Tuesday night, protesters put 127 small white flags in the ground to represent those staff members.

And the district is having an increasingly difficult time finding substitutes to fill vacancies, Schumacher said.

Normally, he said, the district expects substitutes to fill 99% of openings. The week of Nov. 2, that rate was 90%. This week, that dropped to less than 80%.

“We are reaching a point where it’s challenging to meet the staffing needs of the district,” Schumacher said.

The district is facing a shortage of not only teachers, but also para-educators and aides, food service workers, custodians and others.

“We can’t serve lunch if we don’t have a nutrition staff available to do so. We can’t get kids in the building if we don’t have bus drivers. We can’t keep the buildings open if we don’t have custodial staff to sanitize,” Ousley said. “At some point, it falls apart.”

Some school board members said they felt like they were on a sinking ship. And Ousley warned that soon, it will be too difficult to plug all of the holes.

Schumacher said the district is relying on long-term substitutes, teachers working through their planning periods, part-time teachers working extra hours, plus administrators and other certified staff filling in to instruct classes. But officials warned that will not be sustainable for an extended time.

Ousley emphasized that middle and high school teachers already were strained before the pandemic, teaching more class periods than their peers in neighboring districts. It was a major sticking point of contract talks last year.

She said that the district would likely consider moving secondary students online, so that the limited substitute pool can be used at the elementary level. Health officials and administrators agreed that keeping younger students in classrooms was paramount. Families could face financial hardship if they are forced to stay home with their young children, or they could send their kids to day care centers where safety protocols may not be as closely followed, they said.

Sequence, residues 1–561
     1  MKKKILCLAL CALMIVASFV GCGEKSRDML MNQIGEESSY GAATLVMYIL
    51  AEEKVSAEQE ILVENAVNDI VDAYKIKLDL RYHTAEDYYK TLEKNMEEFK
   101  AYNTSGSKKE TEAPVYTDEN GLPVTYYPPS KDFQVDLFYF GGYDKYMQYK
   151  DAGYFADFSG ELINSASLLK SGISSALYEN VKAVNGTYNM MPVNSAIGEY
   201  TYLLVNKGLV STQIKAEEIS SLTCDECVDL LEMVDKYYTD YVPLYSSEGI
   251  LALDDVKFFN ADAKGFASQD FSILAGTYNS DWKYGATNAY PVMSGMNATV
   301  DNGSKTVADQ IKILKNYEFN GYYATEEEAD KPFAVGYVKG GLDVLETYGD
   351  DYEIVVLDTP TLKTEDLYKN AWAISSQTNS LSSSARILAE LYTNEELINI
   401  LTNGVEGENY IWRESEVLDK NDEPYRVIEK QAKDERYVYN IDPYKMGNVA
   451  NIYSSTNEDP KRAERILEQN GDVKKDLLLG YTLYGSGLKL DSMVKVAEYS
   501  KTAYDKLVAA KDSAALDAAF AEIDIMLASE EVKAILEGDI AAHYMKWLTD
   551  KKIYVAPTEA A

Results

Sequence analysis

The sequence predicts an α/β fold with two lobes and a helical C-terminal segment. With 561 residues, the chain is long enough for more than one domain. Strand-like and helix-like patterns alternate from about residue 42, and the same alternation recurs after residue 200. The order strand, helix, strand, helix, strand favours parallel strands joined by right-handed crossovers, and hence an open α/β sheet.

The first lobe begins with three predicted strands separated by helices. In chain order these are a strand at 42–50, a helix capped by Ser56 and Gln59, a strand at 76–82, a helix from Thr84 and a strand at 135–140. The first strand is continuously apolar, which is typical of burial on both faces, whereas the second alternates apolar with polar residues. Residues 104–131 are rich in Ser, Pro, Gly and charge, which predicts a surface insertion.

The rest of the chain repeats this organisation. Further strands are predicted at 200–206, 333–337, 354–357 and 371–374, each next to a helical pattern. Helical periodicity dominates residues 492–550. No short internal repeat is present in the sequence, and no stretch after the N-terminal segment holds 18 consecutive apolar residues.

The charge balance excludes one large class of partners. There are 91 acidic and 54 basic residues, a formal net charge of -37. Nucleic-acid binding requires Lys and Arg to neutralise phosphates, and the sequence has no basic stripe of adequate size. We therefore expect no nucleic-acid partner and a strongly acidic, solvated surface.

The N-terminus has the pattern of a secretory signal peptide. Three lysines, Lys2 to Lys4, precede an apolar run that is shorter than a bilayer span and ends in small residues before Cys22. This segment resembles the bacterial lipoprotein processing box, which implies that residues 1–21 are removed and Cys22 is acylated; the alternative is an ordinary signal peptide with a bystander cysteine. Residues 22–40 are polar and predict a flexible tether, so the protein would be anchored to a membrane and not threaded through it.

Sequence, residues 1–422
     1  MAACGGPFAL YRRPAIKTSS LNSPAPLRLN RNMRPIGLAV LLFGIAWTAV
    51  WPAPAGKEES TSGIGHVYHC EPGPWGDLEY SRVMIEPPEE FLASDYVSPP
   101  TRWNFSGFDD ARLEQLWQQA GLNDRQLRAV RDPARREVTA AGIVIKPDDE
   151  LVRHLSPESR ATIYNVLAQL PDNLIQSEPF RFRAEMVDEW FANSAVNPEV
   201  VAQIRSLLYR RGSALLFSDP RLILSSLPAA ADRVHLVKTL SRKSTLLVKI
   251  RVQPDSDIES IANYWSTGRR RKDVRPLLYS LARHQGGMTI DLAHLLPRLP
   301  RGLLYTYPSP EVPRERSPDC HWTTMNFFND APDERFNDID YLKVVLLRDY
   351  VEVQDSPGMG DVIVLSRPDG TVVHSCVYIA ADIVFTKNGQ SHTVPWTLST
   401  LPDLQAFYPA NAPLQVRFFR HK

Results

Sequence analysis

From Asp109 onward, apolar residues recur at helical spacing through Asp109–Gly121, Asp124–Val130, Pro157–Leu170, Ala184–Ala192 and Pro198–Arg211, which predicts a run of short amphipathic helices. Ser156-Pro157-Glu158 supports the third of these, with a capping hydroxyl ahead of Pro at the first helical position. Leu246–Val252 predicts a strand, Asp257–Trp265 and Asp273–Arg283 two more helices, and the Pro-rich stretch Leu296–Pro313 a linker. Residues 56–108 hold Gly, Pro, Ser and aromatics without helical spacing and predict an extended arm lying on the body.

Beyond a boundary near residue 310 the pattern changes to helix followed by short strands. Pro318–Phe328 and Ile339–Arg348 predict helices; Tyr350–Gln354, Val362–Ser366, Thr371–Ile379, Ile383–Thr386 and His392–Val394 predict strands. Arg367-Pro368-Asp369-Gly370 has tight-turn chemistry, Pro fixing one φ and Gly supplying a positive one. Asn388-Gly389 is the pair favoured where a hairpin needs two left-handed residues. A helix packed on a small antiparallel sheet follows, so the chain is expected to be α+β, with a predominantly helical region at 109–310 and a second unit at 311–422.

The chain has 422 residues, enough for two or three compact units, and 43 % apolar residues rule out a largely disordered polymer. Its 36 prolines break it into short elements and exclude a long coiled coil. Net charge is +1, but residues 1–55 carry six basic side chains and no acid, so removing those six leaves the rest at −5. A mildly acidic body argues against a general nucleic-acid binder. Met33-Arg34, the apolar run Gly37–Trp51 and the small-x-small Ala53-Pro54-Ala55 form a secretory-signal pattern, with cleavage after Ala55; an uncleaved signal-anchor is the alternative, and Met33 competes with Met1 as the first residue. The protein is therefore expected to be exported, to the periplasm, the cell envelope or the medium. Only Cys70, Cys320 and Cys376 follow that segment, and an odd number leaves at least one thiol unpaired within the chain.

Elizabeth Holzschuh, epidemiologist with the Johnson County health department, agreed that while schools have so far mostly avoided in-school transmission of the virus, staffing shortages and absences could be the reasons schools close.

“It’s not sustainable. And as much as I want to think we could keep schools in, with the case counts being what they are, I think your staffing will get so stressed to the point that it will not be feasible,” she said. “While public health believes kids can be in school safely, we recognize that the reality of that actually being able to occur is probably not there.”

‘Our community is on fire’

This summer, the county health department provided districts with criteria showing when it might be safe to allow students back in classrooms based on the rate of transmission in the community.

Shawnee Mission started out the school year more cautious than many other districts, with all students online. And it was the last of Johnson County’s largest districts to allow older students back in classrooms part time.

Under the criteria, Johnson County is in the “red” zone, meaning all-remote learning is recommended. But despite record levels of infections in the county, health officials have recommended that districts continue with their current learning modes, where students are in school at least part time.

“What we saw was really amazing success in our schools, including Shawnee Mission,” Holzschuh said. “Schools have done an outstanding job … to ensure kids and staff are safe, to ensure masking is done efficiently. As we’ve gone through the first several months of schools being open in our community, we’ve continued to see this pattern of not a lot of transmission in schools.”

But as a whole, Johnson County is reporting record numbers of new infections. On Monday, the county reported 404 cases in one day, the most since the pandemic began.